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  • Level: GCSE
  • Subject: Law
  • Word count: 1884

Law of Homicide

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EXPLAIN THE ELEMENTS OF actus reus and mens rea IN THE LAW OF HOMICIDE? Actus Reus is a term used in criminal law and is Latin for "guilty act". Literally the Latin phrase means bad act. The actus reus is the act which, in combination with a certain mental state, such as intent or recklessness, constitutes a crimes. For example, the crime of theft (Theft Act 1968) requires appropriation of property taking something belonging to another (actus reus). Coupled with the intent to permanently deprive the owner of the object. This is the (mens rea) which means guilty act in Latin. The phrase "actus reus" denotes one of the elements the must be proven by the prosecution before anyone can be liable for criminal punishment. A murder statue for example, typically prohibits the "killing of a human being". So without the "actus reus" there can be no criminal liability. The R v Lewis 1971 case concerned the victim who broke her legs by jumping of the windows when her husband threatened to hurt her if she did not open the door. So she jumped of the 3rd floor window to escape from him because she knew that if she opens the door she was going to get beaten as usual. So when they took this to court the man was found guilty of grievous bodily harm under S.18 of the Offence Against the Person Act 1861. ...read more.


Provocation may be alleged as a defence to certain crimes in order to lessen the severity of the penalty normally imposed. For example, provocation that would cause a reasonable person to act in a heat of passion - a state of mind where one acts without reflection - may result in a reduction of a charge of murder to a charge of voluntary manslaughter. One of the cases where these defences have been used is R v Ahluwalia 1992. Diminished Responsibility is a potential defence by excuse by which defendants argue that although they broke the law, they should not be held criminally liable for doing so, as their mental functions were "diminished" or impaired. These defences have been used on this case R v Hobson 1988 Suicide Pact describes the suicides of two or more individuals in an agreed-upon plan. The plan may be to die together, or separately and closely timed. Suicide pacts are important concepts in the study of suicide, and have occurred throughout history, as well as in fiction. Suicide pacts are generally distinct from mass suicide. The latter refers to incidents in which a larger number of people kill themselves together for the same ideological reason, often within a religious, political, military or paramilitary context. Suicide pacts, on the other hand, usually involve small groups of people (such as married or romantic partners, family members, or friends) ...read more.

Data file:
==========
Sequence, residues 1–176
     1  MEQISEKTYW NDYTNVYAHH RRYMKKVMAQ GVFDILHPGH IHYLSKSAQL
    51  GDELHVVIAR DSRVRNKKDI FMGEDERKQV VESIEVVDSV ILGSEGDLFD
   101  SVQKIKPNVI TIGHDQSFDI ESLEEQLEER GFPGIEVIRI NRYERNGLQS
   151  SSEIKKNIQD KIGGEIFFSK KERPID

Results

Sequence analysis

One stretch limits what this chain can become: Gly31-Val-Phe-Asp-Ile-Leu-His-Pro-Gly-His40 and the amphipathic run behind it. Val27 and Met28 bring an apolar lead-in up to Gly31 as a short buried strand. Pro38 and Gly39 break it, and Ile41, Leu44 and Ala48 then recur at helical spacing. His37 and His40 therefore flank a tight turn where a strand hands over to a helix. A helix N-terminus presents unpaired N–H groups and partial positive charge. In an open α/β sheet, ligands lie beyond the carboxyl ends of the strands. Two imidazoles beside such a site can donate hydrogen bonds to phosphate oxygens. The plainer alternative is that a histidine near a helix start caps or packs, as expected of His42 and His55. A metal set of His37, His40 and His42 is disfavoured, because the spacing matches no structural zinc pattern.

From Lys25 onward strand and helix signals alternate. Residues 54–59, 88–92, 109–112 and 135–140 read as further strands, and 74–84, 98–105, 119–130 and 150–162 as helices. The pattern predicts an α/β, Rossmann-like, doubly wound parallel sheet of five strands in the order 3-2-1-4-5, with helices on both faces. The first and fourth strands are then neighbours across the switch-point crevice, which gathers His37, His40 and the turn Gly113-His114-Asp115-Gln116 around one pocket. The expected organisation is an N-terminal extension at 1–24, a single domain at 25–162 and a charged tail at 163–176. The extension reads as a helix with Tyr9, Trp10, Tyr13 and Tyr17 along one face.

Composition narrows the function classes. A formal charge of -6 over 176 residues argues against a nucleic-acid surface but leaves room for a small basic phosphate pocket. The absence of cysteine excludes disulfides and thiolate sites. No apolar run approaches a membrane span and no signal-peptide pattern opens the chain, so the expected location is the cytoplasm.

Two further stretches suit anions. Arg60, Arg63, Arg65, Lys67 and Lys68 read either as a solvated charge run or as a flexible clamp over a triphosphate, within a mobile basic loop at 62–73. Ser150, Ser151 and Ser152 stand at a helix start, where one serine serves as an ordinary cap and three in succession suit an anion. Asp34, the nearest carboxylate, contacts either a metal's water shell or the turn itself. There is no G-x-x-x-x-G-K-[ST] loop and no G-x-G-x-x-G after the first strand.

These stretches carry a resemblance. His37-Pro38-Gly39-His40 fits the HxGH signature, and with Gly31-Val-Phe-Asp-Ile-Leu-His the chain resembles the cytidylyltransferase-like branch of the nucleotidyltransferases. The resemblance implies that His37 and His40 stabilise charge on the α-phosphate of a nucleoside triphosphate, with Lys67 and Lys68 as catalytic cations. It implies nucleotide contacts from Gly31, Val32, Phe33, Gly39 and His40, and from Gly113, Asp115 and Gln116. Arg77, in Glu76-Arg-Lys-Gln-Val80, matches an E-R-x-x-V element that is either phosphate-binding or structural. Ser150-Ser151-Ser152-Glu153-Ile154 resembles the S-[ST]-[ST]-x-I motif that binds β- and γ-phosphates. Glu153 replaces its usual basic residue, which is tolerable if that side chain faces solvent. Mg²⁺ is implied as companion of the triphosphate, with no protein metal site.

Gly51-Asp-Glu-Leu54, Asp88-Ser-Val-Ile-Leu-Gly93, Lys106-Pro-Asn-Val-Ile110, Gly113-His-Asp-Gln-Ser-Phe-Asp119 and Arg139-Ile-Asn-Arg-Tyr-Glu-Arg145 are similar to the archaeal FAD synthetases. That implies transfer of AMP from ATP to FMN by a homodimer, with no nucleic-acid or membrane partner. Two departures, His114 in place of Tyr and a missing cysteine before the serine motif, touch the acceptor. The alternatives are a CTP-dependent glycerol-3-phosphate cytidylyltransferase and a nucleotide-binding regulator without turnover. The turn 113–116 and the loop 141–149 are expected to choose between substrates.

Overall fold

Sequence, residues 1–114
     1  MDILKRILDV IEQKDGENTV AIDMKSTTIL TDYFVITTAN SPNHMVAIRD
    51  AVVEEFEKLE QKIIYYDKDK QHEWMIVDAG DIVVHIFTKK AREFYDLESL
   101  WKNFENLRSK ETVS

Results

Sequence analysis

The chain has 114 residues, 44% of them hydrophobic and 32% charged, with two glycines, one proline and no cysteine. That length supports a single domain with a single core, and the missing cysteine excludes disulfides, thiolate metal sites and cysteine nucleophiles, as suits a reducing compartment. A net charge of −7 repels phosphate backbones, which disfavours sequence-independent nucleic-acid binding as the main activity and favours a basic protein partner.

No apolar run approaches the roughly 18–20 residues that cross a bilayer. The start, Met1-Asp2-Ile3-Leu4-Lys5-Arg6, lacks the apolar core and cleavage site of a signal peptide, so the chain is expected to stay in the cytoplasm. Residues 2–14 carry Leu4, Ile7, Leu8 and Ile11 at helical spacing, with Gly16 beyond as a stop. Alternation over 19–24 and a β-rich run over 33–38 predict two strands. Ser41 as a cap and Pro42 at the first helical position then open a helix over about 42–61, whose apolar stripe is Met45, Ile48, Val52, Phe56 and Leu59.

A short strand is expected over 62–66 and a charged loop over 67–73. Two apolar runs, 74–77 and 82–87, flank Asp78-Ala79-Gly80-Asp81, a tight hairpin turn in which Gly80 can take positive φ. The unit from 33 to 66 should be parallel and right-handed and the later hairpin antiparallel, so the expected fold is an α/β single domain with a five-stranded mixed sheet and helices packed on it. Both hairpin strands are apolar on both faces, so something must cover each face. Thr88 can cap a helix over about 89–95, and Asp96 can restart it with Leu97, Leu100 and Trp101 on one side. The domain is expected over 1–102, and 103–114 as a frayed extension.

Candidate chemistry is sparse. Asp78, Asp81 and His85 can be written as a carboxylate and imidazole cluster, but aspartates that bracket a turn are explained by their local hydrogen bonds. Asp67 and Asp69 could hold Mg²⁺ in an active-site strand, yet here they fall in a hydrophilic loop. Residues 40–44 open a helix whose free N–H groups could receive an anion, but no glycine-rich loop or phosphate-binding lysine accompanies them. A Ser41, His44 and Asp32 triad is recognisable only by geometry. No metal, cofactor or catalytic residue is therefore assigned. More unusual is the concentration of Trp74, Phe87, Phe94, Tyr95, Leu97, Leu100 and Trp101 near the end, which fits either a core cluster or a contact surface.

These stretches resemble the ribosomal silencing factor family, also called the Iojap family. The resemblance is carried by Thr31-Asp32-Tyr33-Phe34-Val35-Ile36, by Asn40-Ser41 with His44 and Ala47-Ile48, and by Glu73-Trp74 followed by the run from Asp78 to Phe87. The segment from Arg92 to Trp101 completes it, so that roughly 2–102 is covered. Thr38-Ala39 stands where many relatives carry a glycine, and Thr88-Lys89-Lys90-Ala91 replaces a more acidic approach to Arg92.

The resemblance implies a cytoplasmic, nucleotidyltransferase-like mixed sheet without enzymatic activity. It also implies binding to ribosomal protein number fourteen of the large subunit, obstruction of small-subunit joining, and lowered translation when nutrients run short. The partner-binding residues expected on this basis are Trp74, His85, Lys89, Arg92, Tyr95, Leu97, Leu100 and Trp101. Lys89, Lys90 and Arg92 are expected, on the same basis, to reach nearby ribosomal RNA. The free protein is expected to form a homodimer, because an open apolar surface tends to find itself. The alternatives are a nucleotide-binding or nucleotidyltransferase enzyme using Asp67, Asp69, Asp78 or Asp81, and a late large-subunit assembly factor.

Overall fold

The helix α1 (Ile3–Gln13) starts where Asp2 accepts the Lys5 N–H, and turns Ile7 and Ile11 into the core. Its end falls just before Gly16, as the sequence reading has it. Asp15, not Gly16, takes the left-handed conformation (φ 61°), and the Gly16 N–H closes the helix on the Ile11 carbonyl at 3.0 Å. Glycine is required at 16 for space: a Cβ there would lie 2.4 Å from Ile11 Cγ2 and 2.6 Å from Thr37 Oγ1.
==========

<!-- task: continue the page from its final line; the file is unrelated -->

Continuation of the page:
To verify this there is a case about a man called Darren Hoffe an employee with IC roofing, the employee died after falling through a skylight because he had no safety harness or equipment supplied from the job and he also had no safety training in working at heights. The company director named Mr. Colin Cooper was charged with manslaughter which was under Section 2(1) of healthy and safety act 1974 which states that " it shall be the duty of every employer to ensure, so far as is reasonably practicable, the health, safety and welfare at work of all his employees". Mr. Cooper was trialled for murder but jury found him guilty of corporate manslaughter and was jailed for 12 months. The jury told him that every person has a duty of care. By summing up by what I have written in this essay I think that the actus reus and the mens rea are very important elements in manslaughter and murder, as you know that they decide what they can be charged with if the defendant is found guilty. And without these two elements you would not be able to tell which crime was a accident. Without the mens rea elements of homicide, accidents which result in fatalities could be considered to be as serious as premeditated murder cases. An interesting development is the advert of corporate manslaughter which is aimed at encouraging and hopefully punishing those who do not exercise the correct level of duty of care is order to avoid fatalities. ...read more.

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